Kilted Quartet: The Week in Classical Music | Modern Society of USA

Kilted Quartet: The Week in Classical Music

Kilted Quartet: The Week in Classical Music

[Read all of our classical music coverage here.]

Readers! I went west last weekend to hear Esa-Pekka Salonen’s first concerts with the band he’ll soon take over, the San Francisco Symphony. It was an exciting evening, with the promise of a happy marriage: intense, committed yet self-effacing playing from a very good orchestra.

It’s a sly, darkly gorgeous piece, and a perfect complement to Strauss’s “Also Sprach Zarathustra.” Sibelius’s “Four Legends from the Kalevala” (also known as the “Lemminkäinen Suite”) ended things with color: lithe brooding and taut energy.

Speaking of the New York Phil, this weekend is bringing the premiere performances of Julia Wolfe’s “Fire in my mouth,” about the 1911 Triangle shirtwaist factory fire. Michael Cooper did a lovely piece walking around with Ms. Wolfe and shopping for an unusual instrument: scissors.

And before I sign off, a treasure: The great baritone Ettore Bastianini was just 44 when he died of cancer, on Jan. 25, 1967. He deserves deep listening, and here’s a start:

Enjoy the weekend. ZACHARY WOOLFE

Hello from Paris, where so far this week I have been to a sleepy concert by Paavo Järvi and the Orchestre de Paris (missing its soloist Radu Lupu, who was replaced at the last minute by Nelson Goerner in Beethoven’s Fourth Piano Concerto) and the premiere of a new production of Scarlatti’s “Il Primo Omicidio” at the Paris Opera.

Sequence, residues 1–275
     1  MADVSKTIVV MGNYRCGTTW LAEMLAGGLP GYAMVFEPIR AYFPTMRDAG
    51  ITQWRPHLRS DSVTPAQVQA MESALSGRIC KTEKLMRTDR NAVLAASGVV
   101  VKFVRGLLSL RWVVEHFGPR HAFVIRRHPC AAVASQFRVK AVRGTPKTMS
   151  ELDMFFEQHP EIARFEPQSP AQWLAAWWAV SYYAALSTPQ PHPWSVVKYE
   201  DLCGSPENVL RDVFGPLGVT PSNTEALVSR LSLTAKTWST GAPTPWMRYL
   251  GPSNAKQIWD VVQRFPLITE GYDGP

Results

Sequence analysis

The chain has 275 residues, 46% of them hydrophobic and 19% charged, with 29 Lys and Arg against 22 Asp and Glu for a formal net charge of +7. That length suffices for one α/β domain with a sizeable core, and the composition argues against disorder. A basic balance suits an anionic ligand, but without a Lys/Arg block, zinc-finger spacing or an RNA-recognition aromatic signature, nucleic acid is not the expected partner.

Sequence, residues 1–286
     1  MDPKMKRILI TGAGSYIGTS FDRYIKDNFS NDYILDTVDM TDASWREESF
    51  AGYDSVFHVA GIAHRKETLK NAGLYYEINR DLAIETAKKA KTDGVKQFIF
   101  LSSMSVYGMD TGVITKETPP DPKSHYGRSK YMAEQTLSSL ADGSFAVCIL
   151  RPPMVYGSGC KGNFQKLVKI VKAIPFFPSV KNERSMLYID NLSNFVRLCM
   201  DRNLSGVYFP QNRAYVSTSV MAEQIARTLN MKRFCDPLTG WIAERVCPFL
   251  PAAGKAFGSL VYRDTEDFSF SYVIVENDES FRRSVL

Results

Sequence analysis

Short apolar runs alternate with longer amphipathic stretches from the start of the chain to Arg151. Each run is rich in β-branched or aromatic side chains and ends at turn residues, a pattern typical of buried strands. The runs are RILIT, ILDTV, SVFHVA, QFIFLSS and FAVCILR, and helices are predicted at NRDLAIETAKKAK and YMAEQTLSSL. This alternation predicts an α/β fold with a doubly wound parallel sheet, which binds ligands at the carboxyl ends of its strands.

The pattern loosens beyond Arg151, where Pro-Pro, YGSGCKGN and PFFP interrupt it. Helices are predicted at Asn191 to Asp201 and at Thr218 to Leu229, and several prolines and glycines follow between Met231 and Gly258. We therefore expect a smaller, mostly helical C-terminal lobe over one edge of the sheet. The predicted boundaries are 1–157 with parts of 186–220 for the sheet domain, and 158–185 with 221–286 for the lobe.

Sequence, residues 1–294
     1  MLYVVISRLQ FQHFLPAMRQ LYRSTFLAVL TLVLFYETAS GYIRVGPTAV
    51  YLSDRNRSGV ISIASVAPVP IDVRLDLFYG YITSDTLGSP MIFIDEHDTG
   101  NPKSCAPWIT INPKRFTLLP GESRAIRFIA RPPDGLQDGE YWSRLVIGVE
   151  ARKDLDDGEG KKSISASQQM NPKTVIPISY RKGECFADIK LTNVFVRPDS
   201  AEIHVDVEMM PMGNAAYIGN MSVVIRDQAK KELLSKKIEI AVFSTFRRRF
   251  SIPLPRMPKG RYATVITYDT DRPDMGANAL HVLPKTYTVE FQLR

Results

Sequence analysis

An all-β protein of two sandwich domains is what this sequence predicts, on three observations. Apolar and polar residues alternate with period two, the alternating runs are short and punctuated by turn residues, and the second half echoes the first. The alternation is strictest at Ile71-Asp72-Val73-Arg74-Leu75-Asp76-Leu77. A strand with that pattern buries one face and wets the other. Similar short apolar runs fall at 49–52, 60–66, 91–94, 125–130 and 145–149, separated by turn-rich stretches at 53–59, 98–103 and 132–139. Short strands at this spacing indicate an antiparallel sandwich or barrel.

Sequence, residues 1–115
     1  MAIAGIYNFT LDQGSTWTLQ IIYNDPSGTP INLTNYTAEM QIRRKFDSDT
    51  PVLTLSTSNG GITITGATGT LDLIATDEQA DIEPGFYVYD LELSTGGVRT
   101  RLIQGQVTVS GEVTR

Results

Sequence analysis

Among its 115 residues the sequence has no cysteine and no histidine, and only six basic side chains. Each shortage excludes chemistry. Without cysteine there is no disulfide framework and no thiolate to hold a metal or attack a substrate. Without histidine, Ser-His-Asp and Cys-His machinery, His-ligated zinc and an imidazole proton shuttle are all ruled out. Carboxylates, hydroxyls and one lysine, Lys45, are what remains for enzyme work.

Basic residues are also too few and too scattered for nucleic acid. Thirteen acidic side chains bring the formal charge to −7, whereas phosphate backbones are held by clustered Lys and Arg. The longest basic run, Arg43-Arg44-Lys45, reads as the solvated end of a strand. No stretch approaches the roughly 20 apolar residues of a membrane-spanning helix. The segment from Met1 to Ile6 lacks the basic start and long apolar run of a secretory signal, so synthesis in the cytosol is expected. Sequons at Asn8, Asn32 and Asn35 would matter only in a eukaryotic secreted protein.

This Baroque oratorio, staged inside the Baroque-inspired Palais Garnier, was directed by Romeo Castellucci — more on that next week — and conducted by René Jacobs, who recorded the piece with the Akademie für Alte Musik Berlin in the late 1990s. (On that album, he also sang the countertenor role of God.)

Here, he led the Belgian ensemble B’Rock, with a beefed-up orchestration to more easily fill the Garnier. Normally I would be skeptical of expanding an orchestra simply for volume; it risks sacrificing the score’s details and texture. But, under Mr. Jacobs’s baton, B’Rock still sounded like a small chamber orchestra: nimble, clear, precise. And restrained, reserving its most powerful sound for dramatic effect, which added a sense of theater to a piece whose plot often verges on inertia. JOSHUA BARONE

Any ensemble making its American debut is likely to feel some jitters, especially when the program includes a masterpiece as dense and thorny as Beethoven’s Op. 130. But on Sunday, members of the Maxwell String Quartet had an additional reason for feeling a little, well, vulnerable.

Addressing the audience at the New School, the group’s cellist, Duncan Strachan, explained why. “I must say,” he said, “this is a very high stage for kilts.”

Flashes of thigh, and wit, are not the only reason to take note of the Maxwell Quartet, which hails from Scotland and advertises that fact both in its dress and in its repertory, which includes striking arrangements of folk music. (As the sole Englishman in the lineup, the violist Elliott Perks wore tartan trousers.) As Sunday’s eloquent performance demonstrated, the players bring the same charisma and sense of adventure to their selections.

The slightly tart, resiny sound of traditional fiddle playing carried over beautifully into fresh readings of Haydn and into the Beethoven. But perhaps the most arresting moment was James MacMillan’s “Memento” from 1994, in which wisps of a melody floated on hazy harmonies and coalesced into heaving sighs before dissolving again into ghostly strains, rendered with a kind of fierce tenderness. CORINNA da FONSECA-WOLLHEIM

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